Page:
Aggravation at an intersection

Fixing traffic light10 things that vex me to some degree or the other at traffic intersections, in decreasing order of annoyance.

  1. Traffic lights that don’t fucking work due to power-outs, poor maintenance or, idiots who have ridden them over.
  2. Impatient morons who take off before the traffic lights change, in order to get to the next set of RED traffic lights a few seconds before you.
  3. Traffic cops who lounge in their vehicles when they should clearly be directing traffic.
  4. People handing out flyers and pamphlets, especially when there’s a whole bunch of them queuing up to get to your car window, each with a different bill… and then to be faced with more of them with the same useless pieces of paper at the very next intersection, and the one after.
  5. Do-gooders (or not) collecting money for their churches or temples or other religious organization. Really people, if you’re going to be standing out in the hot sun collecting funds, then at least desist from trying so hard to convince me that prayer works.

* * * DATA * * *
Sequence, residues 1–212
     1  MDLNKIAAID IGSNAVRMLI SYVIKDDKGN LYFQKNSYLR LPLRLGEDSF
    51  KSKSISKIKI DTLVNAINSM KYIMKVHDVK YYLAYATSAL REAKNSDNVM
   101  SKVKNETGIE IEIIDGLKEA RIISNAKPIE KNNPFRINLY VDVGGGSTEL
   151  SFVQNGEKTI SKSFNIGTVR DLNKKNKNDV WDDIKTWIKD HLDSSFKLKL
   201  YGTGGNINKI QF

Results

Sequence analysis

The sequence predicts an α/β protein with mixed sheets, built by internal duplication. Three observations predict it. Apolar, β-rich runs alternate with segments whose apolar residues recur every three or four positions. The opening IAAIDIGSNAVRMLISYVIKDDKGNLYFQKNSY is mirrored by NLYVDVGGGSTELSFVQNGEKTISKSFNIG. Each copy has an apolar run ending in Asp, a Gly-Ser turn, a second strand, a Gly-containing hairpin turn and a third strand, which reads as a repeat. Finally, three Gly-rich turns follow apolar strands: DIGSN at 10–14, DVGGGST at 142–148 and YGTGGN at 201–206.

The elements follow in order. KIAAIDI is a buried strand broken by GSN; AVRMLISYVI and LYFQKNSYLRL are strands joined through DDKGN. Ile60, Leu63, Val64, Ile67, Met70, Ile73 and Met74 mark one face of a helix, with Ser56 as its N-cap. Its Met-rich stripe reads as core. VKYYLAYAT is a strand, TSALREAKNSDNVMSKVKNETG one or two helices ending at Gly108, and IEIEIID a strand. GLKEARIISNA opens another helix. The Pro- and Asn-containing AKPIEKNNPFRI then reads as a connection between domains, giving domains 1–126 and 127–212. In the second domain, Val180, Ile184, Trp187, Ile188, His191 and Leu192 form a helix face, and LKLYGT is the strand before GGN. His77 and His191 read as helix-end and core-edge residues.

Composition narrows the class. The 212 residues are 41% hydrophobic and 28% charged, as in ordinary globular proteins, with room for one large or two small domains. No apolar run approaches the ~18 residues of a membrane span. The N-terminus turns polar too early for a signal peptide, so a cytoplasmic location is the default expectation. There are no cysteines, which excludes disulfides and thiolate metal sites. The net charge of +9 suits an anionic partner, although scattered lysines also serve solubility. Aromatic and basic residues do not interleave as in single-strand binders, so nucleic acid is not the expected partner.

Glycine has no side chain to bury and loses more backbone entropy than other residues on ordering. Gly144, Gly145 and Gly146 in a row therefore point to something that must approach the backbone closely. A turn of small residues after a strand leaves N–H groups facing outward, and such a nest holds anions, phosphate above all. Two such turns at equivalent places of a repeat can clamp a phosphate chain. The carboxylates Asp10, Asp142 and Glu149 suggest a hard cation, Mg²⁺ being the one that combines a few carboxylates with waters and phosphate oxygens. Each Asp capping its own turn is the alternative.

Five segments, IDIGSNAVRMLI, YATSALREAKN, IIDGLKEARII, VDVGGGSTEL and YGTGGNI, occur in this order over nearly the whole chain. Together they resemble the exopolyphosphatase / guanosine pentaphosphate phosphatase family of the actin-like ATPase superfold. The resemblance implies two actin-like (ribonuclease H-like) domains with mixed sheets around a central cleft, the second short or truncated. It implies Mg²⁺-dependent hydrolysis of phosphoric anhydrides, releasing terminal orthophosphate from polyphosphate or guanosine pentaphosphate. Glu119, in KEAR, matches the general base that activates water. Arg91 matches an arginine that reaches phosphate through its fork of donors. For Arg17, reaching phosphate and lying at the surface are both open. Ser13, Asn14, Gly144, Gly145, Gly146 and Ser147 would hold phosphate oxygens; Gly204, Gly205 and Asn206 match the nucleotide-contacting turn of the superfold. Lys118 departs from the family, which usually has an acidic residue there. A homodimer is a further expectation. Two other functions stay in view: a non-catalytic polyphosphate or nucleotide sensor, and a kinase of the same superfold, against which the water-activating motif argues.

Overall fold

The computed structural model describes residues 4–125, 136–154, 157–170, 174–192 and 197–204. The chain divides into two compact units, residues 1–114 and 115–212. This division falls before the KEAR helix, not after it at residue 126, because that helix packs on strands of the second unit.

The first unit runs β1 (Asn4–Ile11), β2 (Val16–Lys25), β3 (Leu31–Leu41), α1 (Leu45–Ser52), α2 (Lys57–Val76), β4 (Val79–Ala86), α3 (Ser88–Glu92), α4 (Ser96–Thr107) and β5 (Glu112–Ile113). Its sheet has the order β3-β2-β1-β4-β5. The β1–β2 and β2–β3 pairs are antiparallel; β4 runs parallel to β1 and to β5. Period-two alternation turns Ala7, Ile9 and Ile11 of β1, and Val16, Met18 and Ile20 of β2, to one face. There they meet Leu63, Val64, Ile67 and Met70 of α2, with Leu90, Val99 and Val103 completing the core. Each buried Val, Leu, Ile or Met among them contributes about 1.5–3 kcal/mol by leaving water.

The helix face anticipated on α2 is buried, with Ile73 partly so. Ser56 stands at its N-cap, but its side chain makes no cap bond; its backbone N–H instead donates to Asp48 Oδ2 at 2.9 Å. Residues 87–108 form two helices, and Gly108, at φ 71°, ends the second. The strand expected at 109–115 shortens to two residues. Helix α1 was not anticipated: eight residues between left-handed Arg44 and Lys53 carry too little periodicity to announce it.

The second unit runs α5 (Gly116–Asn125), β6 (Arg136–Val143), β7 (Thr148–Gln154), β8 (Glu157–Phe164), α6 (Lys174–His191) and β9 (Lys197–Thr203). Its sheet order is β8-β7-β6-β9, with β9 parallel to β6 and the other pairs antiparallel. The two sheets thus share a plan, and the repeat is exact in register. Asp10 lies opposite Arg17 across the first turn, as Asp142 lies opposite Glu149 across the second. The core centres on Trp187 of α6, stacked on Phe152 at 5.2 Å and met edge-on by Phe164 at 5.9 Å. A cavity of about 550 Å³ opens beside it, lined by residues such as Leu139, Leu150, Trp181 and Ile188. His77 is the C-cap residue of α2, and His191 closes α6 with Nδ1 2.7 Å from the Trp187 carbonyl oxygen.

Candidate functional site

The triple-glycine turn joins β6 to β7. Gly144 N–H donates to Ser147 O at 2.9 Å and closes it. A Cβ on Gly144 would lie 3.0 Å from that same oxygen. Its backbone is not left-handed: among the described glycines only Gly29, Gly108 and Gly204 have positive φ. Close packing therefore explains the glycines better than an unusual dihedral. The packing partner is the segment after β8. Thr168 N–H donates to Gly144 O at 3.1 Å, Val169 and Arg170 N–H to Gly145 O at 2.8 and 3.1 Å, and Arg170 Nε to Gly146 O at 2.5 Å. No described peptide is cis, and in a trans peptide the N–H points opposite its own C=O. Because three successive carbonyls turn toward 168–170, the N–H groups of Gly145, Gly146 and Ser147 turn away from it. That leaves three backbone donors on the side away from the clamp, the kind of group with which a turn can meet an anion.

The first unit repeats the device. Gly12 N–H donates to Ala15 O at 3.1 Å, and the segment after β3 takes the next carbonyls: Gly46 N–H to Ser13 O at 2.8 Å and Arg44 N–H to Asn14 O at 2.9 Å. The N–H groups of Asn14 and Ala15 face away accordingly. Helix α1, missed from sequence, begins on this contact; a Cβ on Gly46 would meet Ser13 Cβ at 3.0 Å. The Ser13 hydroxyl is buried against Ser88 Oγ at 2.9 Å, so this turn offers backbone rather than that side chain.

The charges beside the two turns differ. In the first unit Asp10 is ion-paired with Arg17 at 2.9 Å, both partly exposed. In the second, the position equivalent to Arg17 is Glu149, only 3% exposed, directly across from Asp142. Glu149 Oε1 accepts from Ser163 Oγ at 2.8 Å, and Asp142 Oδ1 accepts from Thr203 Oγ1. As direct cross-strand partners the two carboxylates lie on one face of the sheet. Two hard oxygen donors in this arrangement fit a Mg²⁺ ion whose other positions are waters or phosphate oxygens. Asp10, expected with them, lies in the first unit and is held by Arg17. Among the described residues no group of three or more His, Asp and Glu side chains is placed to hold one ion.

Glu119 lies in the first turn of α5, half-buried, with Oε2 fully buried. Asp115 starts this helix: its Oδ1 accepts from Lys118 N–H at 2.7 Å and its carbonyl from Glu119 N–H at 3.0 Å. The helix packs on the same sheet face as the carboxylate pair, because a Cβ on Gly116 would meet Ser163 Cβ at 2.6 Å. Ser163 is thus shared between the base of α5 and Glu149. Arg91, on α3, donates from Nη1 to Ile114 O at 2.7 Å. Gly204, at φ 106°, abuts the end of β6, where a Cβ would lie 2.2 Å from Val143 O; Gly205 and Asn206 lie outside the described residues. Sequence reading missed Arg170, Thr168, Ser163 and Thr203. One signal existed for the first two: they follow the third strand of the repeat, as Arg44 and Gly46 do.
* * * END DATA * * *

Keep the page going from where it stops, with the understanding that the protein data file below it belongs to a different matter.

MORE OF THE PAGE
6. Hawkers selling cheap Chinese junk that nobody wants, but some are coaxed to buy in sympathy, and “support” informal trading. What kind of an idiot buys electronic products at an intersection? I really wouldn’t mind so much if they actually sold something useful. Fruit and vegetables aren’t too bad, except when they try to slip in some rotten apples in the carefully made-up packs.
  7. Students who don garish, often absurd outfits (men wearing tutus and dresses are common) and plead for money so that they can attend some sporting event, or go on vacation or some other pretence. Even worse, are the guys (and sometimes gals) who actually collect money to pay for their weddings. Why should I have to pay when I’m not even invited, so that you can impress your friends and family with a formal wedding which you can’t afford? True love means never having to splurge on a wedding… or something like that.